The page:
Michael Bolton

How Am I Supposed To Live Without You

Constructive Dismissal

 

If you are forced to leave your job because of your employer’s conduct you could consider a claim for constructive dismissal under the Unfair Dismissals Act. You may be forced to resign your position with or without notice. To mount a successful claim for constructive dismissal, you must show your resignation is justified because of a fundamental breach of contract on the part of your employer. The breach must be serious enough to require your resignation or that your employers conduct was so unreasonable or intolerable you had no other option but to resign. In assessing whether it was reasonable for you to resign, the employers conduct will subjectively be considered, the conduct of both parties will be considered and the conduct of the parties as a whole or cumulative effect must be looked at.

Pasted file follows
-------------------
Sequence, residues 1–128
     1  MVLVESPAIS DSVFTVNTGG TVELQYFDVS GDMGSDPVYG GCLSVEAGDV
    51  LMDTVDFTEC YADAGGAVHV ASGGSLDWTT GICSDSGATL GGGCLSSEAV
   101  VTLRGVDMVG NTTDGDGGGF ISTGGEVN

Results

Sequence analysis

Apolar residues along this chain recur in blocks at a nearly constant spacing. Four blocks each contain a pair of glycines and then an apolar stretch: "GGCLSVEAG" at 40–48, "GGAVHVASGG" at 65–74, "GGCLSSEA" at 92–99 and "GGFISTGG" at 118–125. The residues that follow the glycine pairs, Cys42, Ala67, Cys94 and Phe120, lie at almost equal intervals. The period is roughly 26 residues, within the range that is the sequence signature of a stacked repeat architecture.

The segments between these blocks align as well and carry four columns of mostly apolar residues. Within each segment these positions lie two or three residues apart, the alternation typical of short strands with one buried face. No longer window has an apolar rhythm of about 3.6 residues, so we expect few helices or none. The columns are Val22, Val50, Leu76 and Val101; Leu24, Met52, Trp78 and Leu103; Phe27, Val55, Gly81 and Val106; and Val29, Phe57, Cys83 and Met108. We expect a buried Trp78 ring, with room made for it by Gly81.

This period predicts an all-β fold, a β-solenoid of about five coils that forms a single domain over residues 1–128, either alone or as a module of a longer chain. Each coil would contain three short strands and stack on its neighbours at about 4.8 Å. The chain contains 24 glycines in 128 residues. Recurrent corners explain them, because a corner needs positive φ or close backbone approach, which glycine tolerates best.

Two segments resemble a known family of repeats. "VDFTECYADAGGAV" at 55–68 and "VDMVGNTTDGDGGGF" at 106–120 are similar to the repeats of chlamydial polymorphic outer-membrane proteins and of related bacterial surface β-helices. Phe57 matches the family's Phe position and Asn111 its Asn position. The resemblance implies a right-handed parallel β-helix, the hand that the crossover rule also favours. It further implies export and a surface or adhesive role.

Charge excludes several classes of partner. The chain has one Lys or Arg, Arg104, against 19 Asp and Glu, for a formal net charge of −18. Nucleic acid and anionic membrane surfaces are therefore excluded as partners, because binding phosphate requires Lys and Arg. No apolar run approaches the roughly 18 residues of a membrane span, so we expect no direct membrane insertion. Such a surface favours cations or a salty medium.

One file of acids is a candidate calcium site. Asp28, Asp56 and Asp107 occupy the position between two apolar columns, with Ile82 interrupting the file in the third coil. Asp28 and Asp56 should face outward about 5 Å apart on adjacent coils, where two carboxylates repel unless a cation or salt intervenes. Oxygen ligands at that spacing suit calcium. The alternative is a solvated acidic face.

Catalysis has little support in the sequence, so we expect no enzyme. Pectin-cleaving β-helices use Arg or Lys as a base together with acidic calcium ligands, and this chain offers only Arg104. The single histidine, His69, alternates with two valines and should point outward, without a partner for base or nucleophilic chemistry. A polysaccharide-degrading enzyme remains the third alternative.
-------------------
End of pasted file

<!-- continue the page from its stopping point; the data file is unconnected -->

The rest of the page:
There is a generally accepted requirement that you the employee should engage, substantially use and exhaust all internal mechanisms which might be available to you in a given workplace before tendering a resignation unless you can show that the said remedies are unfair. This places a very high burden on an employee who does not use the internal grievance procedures. The employee may have an understandable lack of faith in the employer’s ability to properly or effectively address the grievances but unless the facts are exceptional, constructive dismissal cases where the employee has not used the internal grievance procedure and wins will be a minority of cases. Before resigning you should use the company’s complaints or grievance procedure, use any Trade Union or Industrial relations procedures available to you and seek legal advice.

If you cannot resolve the issue with your employer and you feel you have no choice but to resign, you may claim you were constructively dismissed by submitting a complaint with the Workplace Relations Commission. You must bring your claim within 6 months from the date your employment finished. This time limit may be extended to 12 months where there are exceptional circumstances that prevented you from lodging a claim within 6 months.

 

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